Are we spoiled as Zelda fans? That’s a tough question because that term often carries some negative connotations. The very definition of the word contains completely negative references, so it’s not a term I like to use lightly. However, I bring it to the forefront after watching a couple weeks’ worth of reactions to the news that Zelda U has become Zelda U/NX and that the game has been delayed again to 2017 (a likely, but unconfirmed, 4-month delay).

I will go ahead and quote some of the reactions I have seen, but unless they are made by a more public figure I will leave the comments as anonymous. So you’ll see a mix of fans and more public media types reactions to this news...

The Legend of Zelda for Wii U & NX is undoubtedly a big game. Let’s set aside that it is now rivaling Ocarina of Timefor total development time and consider that this is the first fully open world 3D Zelda game ever made. The industry has set insanely high bars with games that go this approach and it's highly doubtful Nintendo wants to release an inferior product in comparison. In fact, Nintendo loves attempting to set all new bars with ideas that have been done by others before, let alone their own unique twist on those ideas.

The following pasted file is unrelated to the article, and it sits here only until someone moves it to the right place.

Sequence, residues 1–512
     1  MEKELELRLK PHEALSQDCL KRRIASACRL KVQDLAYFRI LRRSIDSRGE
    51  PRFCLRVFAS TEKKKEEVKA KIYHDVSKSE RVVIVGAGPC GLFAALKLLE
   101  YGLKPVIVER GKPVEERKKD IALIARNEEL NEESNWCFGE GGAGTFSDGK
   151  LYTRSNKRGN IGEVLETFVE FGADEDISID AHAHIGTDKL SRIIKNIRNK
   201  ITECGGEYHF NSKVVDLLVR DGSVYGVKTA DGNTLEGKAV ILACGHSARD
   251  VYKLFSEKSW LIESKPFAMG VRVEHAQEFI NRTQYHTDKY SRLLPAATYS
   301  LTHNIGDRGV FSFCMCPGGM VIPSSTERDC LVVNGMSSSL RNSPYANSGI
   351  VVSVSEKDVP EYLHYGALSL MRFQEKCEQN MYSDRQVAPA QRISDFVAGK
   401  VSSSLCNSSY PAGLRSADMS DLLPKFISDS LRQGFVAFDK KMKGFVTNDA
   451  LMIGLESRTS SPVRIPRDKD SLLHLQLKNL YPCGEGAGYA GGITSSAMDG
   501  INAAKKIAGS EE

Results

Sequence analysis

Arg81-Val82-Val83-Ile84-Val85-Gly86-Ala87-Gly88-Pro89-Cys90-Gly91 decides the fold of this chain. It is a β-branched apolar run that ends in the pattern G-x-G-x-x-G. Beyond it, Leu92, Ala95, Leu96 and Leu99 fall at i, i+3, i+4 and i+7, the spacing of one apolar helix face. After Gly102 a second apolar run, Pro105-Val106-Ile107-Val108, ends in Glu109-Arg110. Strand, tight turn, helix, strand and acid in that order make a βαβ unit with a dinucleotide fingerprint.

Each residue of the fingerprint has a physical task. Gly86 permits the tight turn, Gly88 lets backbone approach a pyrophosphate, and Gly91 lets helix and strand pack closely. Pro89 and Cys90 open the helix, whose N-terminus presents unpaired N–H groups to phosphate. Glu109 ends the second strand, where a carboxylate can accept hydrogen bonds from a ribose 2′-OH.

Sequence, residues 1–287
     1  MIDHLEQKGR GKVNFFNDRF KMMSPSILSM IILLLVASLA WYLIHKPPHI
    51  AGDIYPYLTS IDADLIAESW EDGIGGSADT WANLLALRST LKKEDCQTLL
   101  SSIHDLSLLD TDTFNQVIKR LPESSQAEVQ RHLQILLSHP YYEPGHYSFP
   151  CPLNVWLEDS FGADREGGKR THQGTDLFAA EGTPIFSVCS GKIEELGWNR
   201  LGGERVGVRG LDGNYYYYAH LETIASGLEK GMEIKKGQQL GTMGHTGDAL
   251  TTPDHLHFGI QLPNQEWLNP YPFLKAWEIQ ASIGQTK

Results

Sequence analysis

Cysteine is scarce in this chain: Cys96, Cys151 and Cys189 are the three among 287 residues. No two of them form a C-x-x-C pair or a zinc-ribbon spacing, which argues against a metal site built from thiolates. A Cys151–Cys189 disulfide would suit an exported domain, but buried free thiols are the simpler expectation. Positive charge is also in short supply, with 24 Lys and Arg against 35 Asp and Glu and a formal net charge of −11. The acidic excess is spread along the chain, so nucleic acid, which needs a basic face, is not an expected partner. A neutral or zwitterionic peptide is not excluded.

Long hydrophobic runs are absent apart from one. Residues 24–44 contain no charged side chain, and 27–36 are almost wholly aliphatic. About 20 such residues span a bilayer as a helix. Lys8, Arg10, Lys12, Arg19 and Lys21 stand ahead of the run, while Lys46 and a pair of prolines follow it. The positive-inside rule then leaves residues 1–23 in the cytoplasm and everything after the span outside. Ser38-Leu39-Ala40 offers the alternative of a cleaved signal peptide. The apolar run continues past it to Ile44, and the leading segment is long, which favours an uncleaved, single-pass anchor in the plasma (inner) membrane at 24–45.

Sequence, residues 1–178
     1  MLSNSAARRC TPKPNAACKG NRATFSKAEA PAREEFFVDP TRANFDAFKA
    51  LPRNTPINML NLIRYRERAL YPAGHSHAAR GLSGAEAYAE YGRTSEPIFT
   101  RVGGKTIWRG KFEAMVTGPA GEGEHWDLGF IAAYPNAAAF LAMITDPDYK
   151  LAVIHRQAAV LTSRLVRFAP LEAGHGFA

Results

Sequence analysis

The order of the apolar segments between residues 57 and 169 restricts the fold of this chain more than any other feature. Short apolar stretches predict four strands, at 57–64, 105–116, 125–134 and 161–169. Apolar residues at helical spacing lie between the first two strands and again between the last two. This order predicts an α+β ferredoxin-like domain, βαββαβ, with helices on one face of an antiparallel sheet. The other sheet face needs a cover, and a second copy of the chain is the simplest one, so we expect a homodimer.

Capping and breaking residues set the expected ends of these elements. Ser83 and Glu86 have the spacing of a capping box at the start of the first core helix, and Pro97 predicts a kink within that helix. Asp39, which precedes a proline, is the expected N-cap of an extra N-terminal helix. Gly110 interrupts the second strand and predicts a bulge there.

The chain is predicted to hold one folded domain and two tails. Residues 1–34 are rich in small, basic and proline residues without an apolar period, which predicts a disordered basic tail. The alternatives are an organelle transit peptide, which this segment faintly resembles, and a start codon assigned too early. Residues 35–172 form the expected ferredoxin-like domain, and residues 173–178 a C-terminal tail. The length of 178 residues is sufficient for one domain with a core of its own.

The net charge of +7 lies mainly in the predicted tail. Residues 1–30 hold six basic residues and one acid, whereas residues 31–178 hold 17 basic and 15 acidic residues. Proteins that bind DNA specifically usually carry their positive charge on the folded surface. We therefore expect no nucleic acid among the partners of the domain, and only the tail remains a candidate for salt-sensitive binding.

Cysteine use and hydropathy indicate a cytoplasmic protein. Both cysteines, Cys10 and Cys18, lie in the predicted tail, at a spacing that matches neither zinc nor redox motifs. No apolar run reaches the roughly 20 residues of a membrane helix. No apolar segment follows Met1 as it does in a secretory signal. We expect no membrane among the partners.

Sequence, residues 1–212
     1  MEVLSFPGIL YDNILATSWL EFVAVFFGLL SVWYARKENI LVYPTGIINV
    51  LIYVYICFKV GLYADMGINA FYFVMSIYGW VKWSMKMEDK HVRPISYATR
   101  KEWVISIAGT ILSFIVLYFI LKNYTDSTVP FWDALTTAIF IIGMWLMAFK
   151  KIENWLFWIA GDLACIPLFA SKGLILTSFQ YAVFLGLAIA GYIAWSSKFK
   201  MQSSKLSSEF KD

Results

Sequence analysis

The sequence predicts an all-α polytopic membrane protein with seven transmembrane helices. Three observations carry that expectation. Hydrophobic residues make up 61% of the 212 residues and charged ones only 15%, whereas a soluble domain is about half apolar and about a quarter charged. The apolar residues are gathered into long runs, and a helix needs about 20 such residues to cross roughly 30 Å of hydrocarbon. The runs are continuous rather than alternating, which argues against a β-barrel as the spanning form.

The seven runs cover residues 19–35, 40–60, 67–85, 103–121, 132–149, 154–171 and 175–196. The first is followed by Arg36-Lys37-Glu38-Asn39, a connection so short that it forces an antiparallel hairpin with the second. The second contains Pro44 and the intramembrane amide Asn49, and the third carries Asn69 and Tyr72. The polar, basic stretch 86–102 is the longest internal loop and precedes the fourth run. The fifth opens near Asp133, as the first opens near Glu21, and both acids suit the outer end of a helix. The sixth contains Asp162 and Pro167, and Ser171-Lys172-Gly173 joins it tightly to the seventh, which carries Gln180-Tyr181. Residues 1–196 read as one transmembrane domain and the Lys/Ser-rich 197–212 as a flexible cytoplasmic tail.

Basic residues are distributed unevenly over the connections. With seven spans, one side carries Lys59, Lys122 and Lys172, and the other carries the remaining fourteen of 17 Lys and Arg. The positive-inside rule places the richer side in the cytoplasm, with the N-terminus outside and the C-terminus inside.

However, this title’s true importance isn’t necessarily just about being an expensive game with a long dev cycle that dives deep into the open world concept. Rather, this title could fundamentally alter the entire future of The Legend of Zelda franchise to the point where it may be the single most important title ever released in the franchise (sans The Legend of Zelda (NES), which is undoubtedly the most important)...